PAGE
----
We see it also in the concept of “blessing” – of speaking words over others, particular offspring. God continues his speech acts, over, for instance, Noah, in 6:1. Noah then himself speaks over his sons (positively and negatively) in 9:25. It is also interesting that when the Lord wants to frustrate humanity’s creativity (with good reason!), he does it through confusing language (11:7).
To extend beyond Genesis, consider, of course, Jesus. His speech is powerful, but not just in terms of his teaching. Most of his miracles attend to a declaration, an imperative, or even a rebuke. The Kingdom of God comes near, in a real and material sense, through speech. And the imagery comes full circle when Jesus breathes on the disciples as an act of imparting that same hovering Spirit of creation and re-creation. It is by that same Spirit that we pray, which is truly creative speech, resonant with intimate communion between our maker and ourselves.
The biblical narrative brings speech, breath, spirit, and creativity together as a powerful dynamic. And I don’t think this is something strange within the general human experience: it derives from our roots as created beings.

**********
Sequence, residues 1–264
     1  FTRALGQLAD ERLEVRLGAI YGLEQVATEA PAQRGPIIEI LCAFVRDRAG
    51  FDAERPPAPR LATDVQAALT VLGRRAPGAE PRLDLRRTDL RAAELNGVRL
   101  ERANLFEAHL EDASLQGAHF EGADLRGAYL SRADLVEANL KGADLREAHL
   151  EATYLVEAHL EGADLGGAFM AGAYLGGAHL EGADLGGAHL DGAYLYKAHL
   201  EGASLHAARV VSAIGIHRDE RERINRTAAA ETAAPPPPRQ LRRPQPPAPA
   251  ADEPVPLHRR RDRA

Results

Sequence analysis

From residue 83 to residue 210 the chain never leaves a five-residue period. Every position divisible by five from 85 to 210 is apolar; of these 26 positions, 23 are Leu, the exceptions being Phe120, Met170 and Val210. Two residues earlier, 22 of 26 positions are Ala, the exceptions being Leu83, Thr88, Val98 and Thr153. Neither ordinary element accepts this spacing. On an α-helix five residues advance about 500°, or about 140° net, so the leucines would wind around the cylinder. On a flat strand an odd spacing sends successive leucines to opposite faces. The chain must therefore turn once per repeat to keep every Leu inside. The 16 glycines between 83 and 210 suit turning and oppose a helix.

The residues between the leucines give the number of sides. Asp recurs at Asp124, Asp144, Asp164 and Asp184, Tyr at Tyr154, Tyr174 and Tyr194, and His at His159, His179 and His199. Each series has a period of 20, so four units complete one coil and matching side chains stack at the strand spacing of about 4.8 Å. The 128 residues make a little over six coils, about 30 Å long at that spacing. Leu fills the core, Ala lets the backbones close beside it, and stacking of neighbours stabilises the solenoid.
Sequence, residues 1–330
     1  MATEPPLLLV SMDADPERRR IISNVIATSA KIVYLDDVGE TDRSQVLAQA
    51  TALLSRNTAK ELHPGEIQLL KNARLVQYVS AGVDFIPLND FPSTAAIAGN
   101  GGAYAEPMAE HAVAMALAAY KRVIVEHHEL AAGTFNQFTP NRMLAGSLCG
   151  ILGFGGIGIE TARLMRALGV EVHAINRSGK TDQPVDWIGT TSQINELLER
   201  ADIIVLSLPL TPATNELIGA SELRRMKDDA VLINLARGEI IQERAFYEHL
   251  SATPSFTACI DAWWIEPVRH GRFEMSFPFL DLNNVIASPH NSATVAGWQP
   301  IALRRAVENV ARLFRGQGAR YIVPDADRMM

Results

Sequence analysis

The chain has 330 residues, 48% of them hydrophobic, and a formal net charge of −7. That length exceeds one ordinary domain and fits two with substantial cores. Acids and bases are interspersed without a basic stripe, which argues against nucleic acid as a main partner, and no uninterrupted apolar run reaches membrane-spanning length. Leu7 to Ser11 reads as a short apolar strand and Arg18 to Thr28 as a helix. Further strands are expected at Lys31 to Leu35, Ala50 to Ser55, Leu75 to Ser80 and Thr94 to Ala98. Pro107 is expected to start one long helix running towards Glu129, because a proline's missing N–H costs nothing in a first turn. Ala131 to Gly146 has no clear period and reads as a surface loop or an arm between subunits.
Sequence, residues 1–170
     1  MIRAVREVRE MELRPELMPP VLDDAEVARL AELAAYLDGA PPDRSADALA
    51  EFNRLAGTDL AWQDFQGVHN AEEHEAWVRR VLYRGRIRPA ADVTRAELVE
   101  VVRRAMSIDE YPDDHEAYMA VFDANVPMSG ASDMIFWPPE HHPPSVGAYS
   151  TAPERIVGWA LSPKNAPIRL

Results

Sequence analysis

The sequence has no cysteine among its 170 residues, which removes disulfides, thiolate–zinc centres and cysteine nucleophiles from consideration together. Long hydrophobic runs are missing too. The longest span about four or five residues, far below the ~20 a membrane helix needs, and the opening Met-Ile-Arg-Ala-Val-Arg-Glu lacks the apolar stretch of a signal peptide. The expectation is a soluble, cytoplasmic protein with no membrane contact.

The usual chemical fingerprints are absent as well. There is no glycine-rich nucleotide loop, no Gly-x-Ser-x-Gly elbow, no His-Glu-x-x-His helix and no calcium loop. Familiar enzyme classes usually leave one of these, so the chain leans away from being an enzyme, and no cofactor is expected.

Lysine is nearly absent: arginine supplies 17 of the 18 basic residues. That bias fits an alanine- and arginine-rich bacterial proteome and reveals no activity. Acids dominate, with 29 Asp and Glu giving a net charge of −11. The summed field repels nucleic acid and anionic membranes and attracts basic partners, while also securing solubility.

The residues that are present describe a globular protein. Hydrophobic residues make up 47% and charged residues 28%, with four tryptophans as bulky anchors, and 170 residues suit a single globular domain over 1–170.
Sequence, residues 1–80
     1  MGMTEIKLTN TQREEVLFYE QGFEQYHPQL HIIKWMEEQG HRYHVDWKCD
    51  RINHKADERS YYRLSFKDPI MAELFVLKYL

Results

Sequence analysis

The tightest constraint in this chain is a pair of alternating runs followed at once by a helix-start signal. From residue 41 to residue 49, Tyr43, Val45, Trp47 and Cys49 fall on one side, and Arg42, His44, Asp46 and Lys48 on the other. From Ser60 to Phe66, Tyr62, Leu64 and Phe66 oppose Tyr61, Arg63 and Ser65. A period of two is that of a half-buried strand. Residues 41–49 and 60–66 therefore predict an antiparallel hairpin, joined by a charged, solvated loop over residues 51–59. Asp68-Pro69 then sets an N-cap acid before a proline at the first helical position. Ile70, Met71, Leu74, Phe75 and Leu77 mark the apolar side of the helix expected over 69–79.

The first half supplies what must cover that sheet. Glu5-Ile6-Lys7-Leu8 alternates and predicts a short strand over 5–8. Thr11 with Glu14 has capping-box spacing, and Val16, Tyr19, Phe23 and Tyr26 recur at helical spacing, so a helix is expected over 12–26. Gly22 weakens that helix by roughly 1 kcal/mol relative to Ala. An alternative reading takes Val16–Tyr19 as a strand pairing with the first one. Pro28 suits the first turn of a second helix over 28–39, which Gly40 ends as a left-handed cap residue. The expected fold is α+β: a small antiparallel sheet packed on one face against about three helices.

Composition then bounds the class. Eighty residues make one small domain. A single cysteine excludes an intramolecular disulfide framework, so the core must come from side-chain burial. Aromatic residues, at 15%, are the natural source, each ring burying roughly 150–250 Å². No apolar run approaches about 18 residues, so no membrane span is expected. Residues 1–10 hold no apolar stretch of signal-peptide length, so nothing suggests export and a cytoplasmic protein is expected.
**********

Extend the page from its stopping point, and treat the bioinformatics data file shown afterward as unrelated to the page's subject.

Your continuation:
I think, then, that we can generalise: Human creativity rests on our speech, and in a much more deeper sense than the mere passing on of information; our speech is creative, and unique amongst the animal kingdom. It literally “puts ourselves out there” expressing ideas, imagination, hopes, dreams, and so forth. It externalises our intent, our will, our purpose, our self-understanding. Its initial effect is relational (speech requires a speaker and a listener), but also sociological, and even material.
It also grounds the gospel in our createdness: it makes absolute sense that the gospel turns on the God who reveals himself to us still, who speaks to us, and would have us speak to him. It is the basis of our mission, that would have us speak to the world, discipling and baptising nations in the name of the one who is the Word of God.